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About The daily Nebraskan. ([Lincoln, Neb.) 1901-current | View Entire Issue (Nov. 6, 1975)
thursday, november 6, 1975 volume 99 number 42 lincoln, nebraska
Exemptions in budget cuts
rejected by Legislature
By Dick Pkrsol
The Legislature voted 24-23 Wednesday
not to exempt several state agencies, in
cluding NU, from Gov. J. James Exon's
proposed three per cent budget cut.
The across-the-board budget reduction
for this fiscal year also survived a kill
attempt by Omaha Sen. Ernest Chambers
by a vote of 8-30.
Exon called the Legislature into special
session last month to deal with a cash flow
problem in the state treasury expected in
The agency exemptions to LB6 were
contained in an amendment introduced by
Sen. Loran Schmit of Bellwood, which
required a majority of 25 senators for
Sen. Frank Lewis of Bellevue, in sup
port of the amendment, said the issue
would have been better handled by raising
taxes, but the only alternative left was to
cut the budget selectively.
"We've got the human services taken
out of the bill and the agencies which can
stand the cut left in" he said.
Hastings Sen. Richard Marvel, arguing
against exemptions from LB6, said, "The
key to the survival of this country is au
sterity. We are accused of being cheap. But
look at the increases in expenditures of
every agency-including the whole univer
sity system- we've allowed over the years.
"We're being painted into a corner by
departments telling their clients we're
cheap. They want their budgets without
question and without review of increased
Sen. Jerome Warner of Waverly, also ar
guing against the exemptions, said, "I come
from an area where, in 1972, we had heavy
agricultural losses because of a wet harvest
season; in 1973 we suffered losses in live
stock; in 1974 we had severe drouth and
that continued with less severity in 1975,
The prospects for 1976 are bad."
Warner said paring the appropriations
would be harder than raising taxes, but hard
times demand reductions even when they
Schmit, waving his legislative expense
check, said that most senators "are gonnji
trot down to the bank and cash them
today for fear there won't be any money
to cover them tomorrow.
"There isn't room on the Exon band
wagon for 49 taildraggers. If we were here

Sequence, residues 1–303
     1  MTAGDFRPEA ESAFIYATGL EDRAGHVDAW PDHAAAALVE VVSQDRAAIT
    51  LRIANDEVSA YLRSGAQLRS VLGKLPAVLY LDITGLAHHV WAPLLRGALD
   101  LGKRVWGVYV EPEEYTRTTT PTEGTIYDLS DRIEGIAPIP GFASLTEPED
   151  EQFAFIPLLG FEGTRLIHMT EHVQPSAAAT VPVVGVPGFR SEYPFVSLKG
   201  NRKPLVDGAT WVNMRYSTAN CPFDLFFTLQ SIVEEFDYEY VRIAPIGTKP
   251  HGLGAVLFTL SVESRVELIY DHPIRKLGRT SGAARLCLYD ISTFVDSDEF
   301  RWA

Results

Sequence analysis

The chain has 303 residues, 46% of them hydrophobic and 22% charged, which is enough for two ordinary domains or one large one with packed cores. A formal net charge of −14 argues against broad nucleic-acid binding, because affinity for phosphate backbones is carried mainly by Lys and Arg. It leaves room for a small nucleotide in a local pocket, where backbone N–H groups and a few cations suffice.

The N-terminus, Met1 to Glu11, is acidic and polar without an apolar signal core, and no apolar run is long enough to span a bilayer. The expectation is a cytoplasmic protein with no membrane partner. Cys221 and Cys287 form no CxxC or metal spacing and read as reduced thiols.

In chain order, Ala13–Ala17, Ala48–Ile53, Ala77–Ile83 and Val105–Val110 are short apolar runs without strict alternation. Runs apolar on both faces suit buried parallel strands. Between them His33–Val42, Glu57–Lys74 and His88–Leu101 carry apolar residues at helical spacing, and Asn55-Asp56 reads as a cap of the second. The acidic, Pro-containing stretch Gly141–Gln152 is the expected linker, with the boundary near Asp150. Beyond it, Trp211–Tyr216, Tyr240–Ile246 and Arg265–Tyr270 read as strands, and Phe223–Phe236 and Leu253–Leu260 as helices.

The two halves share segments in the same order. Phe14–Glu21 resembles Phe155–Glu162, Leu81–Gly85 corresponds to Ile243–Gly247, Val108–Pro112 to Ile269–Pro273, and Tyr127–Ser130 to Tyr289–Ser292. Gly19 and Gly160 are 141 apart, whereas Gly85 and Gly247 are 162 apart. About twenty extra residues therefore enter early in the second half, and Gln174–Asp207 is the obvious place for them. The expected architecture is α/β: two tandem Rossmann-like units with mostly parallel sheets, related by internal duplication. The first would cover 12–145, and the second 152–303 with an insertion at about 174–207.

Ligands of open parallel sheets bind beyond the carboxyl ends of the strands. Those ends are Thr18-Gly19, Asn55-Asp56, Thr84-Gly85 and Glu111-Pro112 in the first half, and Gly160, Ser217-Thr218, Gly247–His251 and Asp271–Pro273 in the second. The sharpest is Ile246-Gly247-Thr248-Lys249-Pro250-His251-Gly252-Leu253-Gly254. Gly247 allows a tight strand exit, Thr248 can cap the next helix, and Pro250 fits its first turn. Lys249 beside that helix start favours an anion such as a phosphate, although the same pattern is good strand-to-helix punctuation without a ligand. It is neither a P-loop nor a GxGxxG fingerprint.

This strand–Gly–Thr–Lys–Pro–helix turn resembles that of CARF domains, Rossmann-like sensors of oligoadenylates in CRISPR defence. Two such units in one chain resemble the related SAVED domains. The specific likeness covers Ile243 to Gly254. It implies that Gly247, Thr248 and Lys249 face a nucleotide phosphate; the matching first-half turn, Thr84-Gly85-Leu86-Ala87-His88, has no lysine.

to do the smart thing politically, we should
cut the budget six per cent and outdo the
governor, but we're not here to be
The senators also voted to divide the
question of exemptions and consider
Lewis's proposal not to cut the regional
state mental retardation offices' budgets
Sen. Ernest Chambers of Omaha, ar
guing to kill LB6 entirely, said the bill
would not get the two-thirds majority (33
votes) necessary to pass it with an emer
gency clause, making it effective immedi
ately. "Courage has not been manifested by
this body," he said. 'The governor tried to
intimidate the Appropriations Committee
by saying they were gutless. He says there's
the hoop, now jump-and we jump. Not
we-ye. I'm not going to jump. You don't
have the courage to take an unequivocal
Lewis opposed the motion to kill LB6.
"If the legislature won't vote to raise
taxes, then the only alternative is to
support LB6 and cut the budget three per
cent across the board," he said. "Revenue
and expenditures have to match."
The senators rejected 25-14 another
attempt by Lewis to amend LB4 to set
the state income tax rate at 14 per cent.
LB4 also contains an amendment by
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Photo by Tad Ktrfc
Sen. Frank Lewis, Bellevue, was on the losing side when he spoke in
favor of an amendment exempting certain agencies, including NU, from
a proposed three per cent state budget cut.
Sen. Jules Burbach of Crofton to lower the
state overlevy cushion to three per cent
from the current five per cent and require
the Board of Equalization to consider
express obligations when setting tax rates.
Exon's original version wanted to elim
inate the cushion and ignore express obliga
tions for tax rate setting purposes. Express
obligations are those financial commit
ments known more than one fiscal year in
advance of their appropriation.
The Legislature rejected two alternatives
to Burbach 's amendment Wednesday. One,
introduced by Springfield Sen. Orval Keyes,
would have eliminated the general fund
overlevy cushion in accordance with
Exon's original plan.
The other, introduced by Omaha Sen.
John Cavanaugh, would have provided a
one per cent cushion.
LB4 and LB3, which would set up a
system of payments to political sub
division relieving the state's cash flow pres
sures, were advanced to enrollment and re
view on their way to final reading. LB6 is
still on general file and still may be
The roll call vote to exempt certain agencies
including the University of Nebraska from a 3
per cent-state budget cut was as follows:
For: Anderson, Barnett, Bereuter, Cavanaugh,
Chambers, Cope, DeCamp, FitigeraM, Fowler,
Goodrich, Johnson. F. Law is, Luedtke, Mahoney,
Marsh, Mills, Moylan, Rumery. Savage, Sdtmlt,
Simpson. Stall, Swigart, Syas.
Against: Burbach, Burrows. Cars tun, Clark,
Dickinson, Duis, Oworak, George, Hasebroock,
Kelly, Kennedy. Keyes. Kime, Kramer, R. Lewis,
Maresh, Marvel. Murphy, Nichol, Rasmussen,
Not Voting: Koch and Skarda.
School's move may raise welfare agencies' costs